Dressage prospect - How does he look?
 
 

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Dressage prospect - How does he look?

This is a discussion on Dressage prospect - How does he look? within the Horse Conformation Critique forums, part of the Horse Breeds, Breeding, and Genetics category
  • Dressage horse prospect conformation
  • What does a dressage horse confirmation look like

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    12-26-2012, 04:59 PM
  #1
Foal
Dressage prospect - How does he look?



What do you think of his conformation for dressage? He will be 6 in January and he's about 14.1hh. His rear offside is slightly cocked, sorry about that.
     
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    12-26-2012, 05:02 PM
  #2
Trained
Ok. I think I'm going crazy. This is another horse that looks like he's standing under himself and is slightly sickle hocked. Other than that and his back maybe being a touch long, I like him.
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    12-26-2012, 05:09 PM
  #3
Foal
Here are some more pictures. Not sure if any will help you guys, but I just thought I'd share because I think he's so cute






     
    12-26-2012, 05:14 PM
  #4
Green Broke
To me he looks rather upright in the shoulder which is far from ideal for dressage coupled with the long back I would think that whilst he could do the lower levels of dressage he will likely struggle with the collection needed for anything above elementary (2nd in the US I believe)
     
    12-26-2012, 05:15 PM
  #5
Foal
I only plan on doing low levels with him. Thanks :)
     
    12-26-2012, 05:25 PM
  #6
Green Broke
I think he will do fine for what you want. He has nice roomy hocks and looks pretty good. Long back and upright shoulder will limit him if you want to SHOW at the higher levels.. but you can learn hugely by training him as far as you can.

My first horse had a steep shoulder, a long back and an osselet in his right front fetlock joint. I trained him to do a lot of higher level movements. Would he have WON in a competition? No. He was not pretty and it was hard work for him and it LOOKED like hard work for him. Still, I trained him to do it and he was the horse I actually got to do a Levade.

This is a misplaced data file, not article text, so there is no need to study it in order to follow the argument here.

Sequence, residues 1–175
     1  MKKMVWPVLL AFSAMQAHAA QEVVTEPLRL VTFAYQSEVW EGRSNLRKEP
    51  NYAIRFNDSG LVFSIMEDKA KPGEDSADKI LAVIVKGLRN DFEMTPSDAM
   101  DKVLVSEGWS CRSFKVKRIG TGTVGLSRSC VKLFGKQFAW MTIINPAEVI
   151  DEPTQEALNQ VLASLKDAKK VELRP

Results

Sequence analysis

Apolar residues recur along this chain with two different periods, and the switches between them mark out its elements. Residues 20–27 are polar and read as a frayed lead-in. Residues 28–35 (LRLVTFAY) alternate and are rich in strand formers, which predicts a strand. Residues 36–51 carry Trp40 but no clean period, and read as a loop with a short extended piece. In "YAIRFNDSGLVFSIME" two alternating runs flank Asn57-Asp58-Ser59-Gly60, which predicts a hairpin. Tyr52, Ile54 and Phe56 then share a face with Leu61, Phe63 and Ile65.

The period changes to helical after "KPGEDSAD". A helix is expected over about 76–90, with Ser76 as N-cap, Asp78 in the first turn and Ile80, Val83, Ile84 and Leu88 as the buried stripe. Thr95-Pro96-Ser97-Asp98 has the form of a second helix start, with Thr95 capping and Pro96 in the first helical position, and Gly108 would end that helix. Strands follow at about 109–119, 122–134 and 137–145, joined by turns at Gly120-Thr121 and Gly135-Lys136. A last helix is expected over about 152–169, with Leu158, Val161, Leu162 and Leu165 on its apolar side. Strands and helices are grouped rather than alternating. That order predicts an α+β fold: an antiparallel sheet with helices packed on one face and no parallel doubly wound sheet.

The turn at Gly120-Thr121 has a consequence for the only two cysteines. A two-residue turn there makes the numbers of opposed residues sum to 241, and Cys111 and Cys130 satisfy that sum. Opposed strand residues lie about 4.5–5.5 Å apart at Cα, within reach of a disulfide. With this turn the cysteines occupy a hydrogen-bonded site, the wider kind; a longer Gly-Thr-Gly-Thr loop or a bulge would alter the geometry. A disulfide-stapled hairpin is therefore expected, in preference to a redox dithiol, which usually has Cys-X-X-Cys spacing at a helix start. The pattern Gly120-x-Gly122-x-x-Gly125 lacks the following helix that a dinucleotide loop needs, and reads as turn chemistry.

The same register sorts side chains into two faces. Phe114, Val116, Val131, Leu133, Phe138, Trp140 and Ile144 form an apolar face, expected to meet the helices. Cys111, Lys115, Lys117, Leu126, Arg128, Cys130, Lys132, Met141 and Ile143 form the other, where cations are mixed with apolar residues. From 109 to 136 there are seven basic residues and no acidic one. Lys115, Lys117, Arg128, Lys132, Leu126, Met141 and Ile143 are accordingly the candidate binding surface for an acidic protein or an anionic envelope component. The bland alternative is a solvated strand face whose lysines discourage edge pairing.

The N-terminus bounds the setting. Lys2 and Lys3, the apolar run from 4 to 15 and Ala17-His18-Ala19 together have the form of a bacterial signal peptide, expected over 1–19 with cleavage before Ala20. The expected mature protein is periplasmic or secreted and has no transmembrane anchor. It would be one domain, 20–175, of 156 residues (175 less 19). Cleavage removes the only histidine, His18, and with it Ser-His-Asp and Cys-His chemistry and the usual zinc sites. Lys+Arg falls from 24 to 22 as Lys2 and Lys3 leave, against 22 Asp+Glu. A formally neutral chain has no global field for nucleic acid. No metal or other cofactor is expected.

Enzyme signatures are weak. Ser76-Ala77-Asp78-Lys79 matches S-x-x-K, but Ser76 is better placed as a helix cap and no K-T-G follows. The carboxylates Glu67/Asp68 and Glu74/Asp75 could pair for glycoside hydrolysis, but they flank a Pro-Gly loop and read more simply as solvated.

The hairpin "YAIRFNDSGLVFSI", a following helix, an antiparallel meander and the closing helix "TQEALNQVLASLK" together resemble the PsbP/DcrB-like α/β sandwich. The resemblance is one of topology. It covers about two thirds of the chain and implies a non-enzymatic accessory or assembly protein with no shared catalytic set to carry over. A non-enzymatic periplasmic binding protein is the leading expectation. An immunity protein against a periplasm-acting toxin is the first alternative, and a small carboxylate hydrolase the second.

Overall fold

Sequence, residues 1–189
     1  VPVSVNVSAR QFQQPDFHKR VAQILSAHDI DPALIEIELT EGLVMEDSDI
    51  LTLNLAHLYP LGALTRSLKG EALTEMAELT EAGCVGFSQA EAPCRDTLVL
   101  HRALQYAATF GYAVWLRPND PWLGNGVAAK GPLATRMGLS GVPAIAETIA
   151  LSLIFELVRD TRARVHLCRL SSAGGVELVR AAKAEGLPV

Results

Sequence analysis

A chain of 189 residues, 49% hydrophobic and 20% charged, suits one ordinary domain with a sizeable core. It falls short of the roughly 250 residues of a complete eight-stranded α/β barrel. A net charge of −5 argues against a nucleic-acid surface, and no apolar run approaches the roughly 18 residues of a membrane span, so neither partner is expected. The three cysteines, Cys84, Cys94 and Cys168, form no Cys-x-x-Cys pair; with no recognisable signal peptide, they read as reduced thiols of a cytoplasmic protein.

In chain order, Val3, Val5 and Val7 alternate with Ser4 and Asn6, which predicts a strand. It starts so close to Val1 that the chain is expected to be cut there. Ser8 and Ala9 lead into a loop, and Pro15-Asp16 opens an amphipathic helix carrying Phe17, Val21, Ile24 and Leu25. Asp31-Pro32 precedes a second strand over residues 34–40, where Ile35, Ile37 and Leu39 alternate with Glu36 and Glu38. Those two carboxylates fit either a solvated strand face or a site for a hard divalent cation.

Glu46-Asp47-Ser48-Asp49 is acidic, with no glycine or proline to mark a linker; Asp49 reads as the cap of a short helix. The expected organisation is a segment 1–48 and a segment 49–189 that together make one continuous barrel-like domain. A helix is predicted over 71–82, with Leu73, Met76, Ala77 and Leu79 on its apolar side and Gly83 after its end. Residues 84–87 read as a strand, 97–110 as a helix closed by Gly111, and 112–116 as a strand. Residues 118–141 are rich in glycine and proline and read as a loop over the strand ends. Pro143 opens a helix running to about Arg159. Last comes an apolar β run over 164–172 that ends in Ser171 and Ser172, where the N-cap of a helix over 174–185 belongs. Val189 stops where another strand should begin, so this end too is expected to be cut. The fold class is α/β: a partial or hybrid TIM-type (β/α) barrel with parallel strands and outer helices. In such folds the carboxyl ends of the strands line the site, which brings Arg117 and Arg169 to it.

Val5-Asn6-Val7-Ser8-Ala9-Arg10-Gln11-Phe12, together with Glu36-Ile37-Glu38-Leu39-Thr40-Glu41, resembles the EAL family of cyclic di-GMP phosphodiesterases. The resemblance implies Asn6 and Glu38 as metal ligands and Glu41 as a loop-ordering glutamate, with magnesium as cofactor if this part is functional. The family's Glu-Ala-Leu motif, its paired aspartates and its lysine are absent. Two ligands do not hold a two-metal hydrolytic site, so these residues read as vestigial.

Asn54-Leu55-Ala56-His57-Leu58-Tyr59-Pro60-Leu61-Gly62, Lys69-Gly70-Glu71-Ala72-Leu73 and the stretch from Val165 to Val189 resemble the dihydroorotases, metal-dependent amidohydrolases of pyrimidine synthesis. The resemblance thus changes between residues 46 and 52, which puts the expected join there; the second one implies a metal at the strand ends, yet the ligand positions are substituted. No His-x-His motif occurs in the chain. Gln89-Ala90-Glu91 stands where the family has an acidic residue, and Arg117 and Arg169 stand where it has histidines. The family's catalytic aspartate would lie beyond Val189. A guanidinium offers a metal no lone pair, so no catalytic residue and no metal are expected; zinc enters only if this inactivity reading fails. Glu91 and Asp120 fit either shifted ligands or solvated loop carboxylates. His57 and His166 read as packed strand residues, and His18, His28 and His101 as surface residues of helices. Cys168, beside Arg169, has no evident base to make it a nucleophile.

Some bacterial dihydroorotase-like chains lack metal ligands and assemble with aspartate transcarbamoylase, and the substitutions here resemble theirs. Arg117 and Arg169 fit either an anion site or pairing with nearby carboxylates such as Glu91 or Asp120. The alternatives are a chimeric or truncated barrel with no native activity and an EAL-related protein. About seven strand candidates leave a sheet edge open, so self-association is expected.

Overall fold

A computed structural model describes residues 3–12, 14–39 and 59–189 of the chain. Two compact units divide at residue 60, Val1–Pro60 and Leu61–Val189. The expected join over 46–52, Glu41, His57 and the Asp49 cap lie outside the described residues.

We were accurate. Sometimes he would not hold cadence or collection (it was hard for him) but I learned more from that horse than I could have from a perfect horse.

You like him, then work him and train him and learn. He will be a better horse and you will be a better rider. Now that seems like winning to me.
     
    12-26-2012, 05:41 PM
  #7
Foal
Exactly :) I only want to do maybe some low level local shows just for the experience. I have no hopes of going to the Olympics with him, haha. But I love dressage and would like to go as far as I can with his training :)
     
    12-26-2012, 10:54 PM
  #8
Weanling
What breed is he? Looks like a mustang?
     
    12-27-2012, 06:51 AM
  #9
Green Broke
You can teach almost ANY horse dressage moves. Remember. The horses originally trained for this were used in war. The moves a dressage horse perform were to give his rider an advantage over an oponenent both on foot and on horseback. This means a LOT of horses back in the time of Napolean ans so forth were trained to do high level moves because that is the horse they had. They could not just go and pick the best.

As time went on the best sort for the job were bred. The horses mowed down that led the Polish Cavalry against Tanks in the beginning of WW2 in Europe were some of the finest horses you could ever see. The breeding program to produce those horses was years and years in the making.

Before that the horse at hand was the horse used.

When I trained my one horse to Levade I was told that the ability of the horse to do this move put his rider above the level of ground troops and holding that levade for a few seconds allowed the rider the advantage not only of height but of sight.

You can take your horse as far as he is sound enough to go and as far as you are determined to go. You may not win prizes but the gains you make in learning how to train and ride and the strength and willingness your horse gains through that training are a heckuva lot more than any ribbons or accolades from a judge.
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    12-27-2012, 08:28 AM
  #10
Foal
Thanks for the info :) That was interesting.

He's a rescue so I really don't know what he is. I was thinking Andalusian/Connemara pony.
     

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